Fifteen years after a mother and father took their accident-prone son to the local gymnastics club, Leeds lad Wilson won Great Britain’s first individual medal in the horizontal bar.
Wilson, 20, won bronze, to take the British gymnastics’ team’s tally to a remarkable seven, after Amy Tinkler – at 16 the youngest member of the nation’s entire Olympic squad – had earlier won a surprise bronze in the women’s floor final.
For Wilson, the two-time Commonwealth Games champion of 2014, this is his finest hour. It also caps an impressive first Olympics for the long-time Leeds Gymnastics Club member, who helped the British team finish fourth in the final and finished eighth behind third-placed Max Whitlock in the all-around competition.
“It is difficult to put into words how I am feeling right now,” said Wilson, whose fall from the top of a toy slide onto a concrete bird bath 15 years ago inadvertently set in motion his journey into British gymnastics history.
“I have loads of emotion and I certainly let it show up there on the podium. Everyone knew it was tears of pride and tears of happiness.
“My family were out there in the stands balling their eyes out and I think that set me off.
“It is a dream come true. It is something you train your whole life for and you dream about wearing these medals around your neck.
“I just went out there and focused on my potential, my gymnastics, my high bar routine and forgot about everything else that was going on around me.
“It wasn’t the best routine I could have done but it was a routine and I’m so happy to have a medal. It is incredible. It is the seventh medal for British gymnastics and it has surpassed all expectations.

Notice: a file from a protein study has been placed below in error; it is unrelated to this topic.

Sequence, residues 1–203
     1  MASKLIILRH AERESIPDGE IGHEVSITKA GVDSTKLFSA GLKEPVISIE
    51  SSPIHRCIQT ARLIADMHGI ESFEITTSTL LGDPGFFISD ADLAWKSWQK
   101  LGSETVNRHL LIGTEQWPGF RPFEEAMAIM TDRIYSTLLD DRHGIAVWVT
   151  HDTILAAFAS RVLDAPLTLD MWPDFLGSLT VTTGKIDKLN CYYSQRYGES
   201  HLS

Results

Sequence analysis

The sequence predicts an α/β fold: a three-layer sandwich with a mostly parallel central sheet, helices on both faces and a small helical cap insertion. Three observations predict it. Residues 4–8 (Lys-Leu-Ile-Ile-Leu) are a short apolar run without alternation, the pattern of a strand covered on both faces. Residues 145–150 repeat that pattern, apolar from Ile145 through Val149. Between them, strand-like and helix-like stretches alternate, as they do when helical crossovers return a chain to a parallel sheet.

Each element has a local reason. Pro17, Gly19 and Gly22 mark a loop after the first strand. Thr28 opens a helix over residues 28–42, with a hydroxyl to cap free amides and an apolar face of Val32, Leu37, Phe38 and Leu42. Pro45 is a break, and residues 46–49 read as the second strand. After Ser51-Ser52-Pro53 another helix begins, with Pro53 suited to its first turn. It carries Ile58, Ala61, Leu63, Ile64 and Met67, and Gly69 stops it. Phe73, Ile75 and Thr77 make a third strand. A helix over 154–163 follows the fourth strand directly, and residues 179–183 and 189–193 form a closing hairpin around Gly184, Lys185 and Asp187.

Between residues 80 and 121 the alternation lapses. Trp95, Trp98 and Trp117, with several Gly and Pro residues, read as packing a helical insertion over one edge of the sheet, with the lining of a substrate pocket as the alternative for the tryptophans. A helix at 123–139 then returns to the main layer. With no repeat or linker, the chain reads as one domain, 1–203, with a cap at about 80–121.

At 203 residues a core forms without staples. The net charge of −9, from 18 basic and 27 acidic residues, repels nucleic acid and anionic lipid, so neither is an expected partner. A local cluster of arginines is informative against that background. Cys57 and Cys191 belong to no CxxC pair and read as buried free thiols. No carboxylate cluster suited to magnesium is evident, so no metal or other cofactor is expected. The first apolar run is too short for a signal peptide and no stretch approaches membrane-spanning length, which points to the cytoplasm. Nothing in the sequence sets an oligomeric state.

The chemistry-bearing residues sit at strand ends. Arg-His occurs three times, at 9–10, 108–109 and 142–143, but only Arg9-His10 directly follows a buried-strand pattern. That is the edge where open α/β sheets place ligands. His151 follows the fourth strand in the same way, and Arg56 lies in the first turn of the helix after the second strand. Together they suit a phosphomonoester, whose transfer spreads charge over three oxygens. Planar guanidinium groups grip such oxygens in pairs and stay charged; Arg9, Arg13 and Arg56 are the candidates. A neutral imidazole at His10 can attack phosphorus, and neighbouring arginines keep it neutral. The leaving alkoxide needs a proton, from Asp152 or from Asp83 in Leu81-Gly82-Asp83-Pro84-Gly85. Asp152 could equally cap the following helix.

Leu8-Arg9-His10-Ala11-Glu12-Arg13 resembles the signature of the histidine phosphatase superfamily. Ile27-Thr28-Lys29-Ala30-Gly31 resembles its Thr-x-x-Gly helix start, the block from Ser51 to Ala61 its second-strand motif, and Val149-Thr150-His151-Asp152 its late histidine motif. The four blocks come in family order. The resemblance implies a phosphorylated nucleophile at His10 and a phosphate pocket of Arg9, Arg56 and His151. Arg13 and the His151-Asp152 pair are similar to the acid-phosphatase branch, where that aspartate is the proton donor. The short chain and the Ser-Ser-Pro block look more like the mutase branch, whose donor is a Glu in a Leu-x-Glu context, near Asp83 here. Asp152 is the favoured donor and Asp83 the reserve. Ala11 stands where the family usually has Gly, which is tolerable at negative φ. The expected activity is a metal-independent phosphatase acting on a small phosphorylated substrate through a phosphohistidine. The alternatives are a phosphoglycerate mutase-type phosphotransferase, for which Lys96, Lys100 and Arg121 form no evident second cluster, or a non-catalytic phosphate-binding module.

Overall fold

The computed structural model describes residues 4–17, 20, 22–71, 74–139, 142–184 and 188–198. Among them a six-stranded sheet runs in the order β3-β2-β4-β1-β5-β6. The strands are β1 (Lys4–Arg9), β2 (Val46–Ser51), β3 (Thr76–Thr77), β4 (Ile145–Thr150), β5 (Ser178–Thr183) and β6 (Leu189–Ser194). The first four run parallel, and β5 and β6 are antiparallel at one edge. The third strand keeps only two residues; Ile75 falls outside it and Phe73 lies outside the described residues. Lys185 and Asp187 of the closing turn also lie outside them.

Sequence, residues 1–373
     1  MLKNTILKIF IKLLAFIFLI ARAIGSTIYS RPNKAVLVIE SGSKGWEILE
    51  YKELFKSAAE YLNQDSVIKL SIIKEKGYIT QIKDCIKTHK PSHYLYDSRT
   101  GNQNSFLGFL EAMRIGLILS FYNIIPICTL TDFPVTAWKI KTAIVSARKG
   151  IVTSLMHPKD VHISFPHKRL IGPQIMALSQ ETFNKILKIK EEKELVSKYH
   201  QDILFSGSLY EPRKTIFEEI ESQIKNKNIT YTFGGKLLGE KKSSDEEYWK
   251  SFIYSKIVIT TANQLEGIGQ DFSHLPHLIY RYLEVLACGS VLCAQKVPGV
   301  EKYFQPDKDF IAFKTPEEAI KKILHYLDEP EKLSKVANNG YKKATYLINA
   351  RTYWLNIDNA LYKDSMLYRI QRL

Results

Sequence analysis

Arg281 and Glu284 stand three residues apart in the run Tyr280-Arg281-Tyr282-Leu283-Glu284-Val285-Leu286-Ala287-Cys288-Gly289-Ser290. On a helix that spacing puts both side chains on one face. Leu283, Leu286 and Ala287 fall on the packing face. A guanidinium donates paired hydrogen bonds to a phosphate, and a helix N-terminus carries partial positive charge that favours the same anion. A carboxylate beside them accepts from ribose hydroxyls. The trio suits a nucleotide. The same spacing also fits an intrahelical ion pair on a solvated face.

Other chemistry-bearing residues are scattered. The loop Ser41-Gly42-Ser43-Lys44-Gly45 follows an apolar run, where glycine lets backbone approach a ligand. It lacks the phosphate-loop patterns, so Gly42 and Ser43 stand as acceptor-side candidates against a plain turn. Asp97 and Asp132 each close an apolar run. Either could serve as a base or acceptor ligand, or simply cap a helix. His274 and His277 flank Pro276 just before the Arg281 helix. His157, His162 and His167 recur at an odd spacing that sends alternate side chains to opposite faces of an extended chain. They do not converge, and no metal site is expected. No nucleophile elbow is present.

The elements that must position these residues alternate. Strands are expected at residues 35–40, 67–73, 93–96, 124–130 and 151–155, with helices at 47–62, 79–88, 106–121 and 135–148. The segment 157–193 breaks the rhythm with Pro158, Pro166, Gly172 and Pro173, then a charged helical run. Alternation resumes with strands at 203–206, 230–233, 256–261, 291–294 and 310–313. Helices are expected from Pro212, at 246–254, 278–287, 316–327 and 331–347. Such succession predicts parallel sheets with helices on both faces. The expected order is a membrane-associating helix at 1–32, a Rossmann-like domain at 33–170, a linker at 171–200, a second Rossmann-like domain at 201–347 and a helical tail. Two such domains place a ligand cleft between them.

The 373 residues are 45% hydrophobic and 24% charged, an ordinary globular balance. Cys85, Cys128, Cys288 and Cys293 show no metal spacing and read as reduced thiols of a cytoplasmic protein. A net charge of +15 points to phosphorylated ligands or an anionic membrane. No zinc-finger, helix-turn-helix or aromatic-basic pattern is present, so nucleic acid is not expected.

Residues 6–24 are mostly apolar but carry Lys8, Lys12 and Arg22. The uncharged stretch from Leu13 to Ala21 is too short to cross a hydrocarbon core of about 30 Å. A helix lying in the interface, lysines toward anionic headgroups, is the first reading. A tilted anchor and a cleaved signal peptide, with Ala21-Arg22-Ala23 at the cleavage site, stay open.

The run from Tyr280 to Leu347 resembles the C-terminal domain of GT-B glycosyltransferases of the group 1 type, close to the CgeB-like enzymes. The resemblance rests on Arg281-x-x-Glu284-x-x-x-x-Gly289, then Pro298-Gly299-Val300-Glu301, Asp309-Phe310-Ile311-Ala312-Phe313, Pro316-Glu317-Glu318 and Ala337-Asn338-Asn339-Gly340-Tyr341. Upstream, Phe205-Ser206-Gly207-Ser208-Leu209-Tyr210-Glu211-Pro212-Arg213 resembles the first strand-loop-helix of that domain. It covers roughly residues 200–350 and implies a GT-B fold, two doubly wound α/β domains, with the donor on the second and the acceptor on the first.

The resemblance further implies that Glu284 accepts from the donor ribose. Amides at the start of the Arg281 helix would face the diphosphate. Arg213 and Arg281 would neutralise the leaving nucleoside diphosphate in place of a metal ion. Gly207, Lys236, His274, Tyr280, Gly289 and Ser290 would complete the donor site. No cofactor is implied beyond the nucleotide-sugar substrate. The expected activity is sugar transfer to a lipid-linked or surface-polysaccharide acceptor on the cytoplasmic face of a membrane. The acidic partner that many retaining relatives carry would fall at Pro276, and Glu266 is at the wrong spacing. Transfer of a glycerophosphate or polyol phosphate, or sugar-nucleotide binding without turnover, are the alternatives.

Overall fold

“I want to thank the whole nation for getting behind us and supporting Team GB. Watching all these medals from the likes of Max [Whitlock] and obviously Amy [Tinkler] just before me, it was just inspiration after inspiration. I saw them winning medals and started to believe that I could do the same. I hope this inspires more young people to take up the sport.”
Starting third, Wilson scored 15.466 to place second behind Germany’s Fabian Hambuechen, but ahead of reigning champion Epke Zonderland of Holland, who fell.
A succession of athletes in the eight-man final failed to beat Wilson’s score until the final competitor, Danell Leyva of the United States, knocked him down to bronze with a silver-medal winning total of 15.500.
Earlier Tinkler, the youngest member of the 366-strong Team GB delegation, produced a nerveless performance to finish behind American pair Simone Biles and Alexandra Raisman.
The County Durham athlete, who will collect her GCSE results the day she returns from Rio, wept tears of joy after sealing her medal. She said: “It has been incredible – I can’t believe it. I’m in total shock.”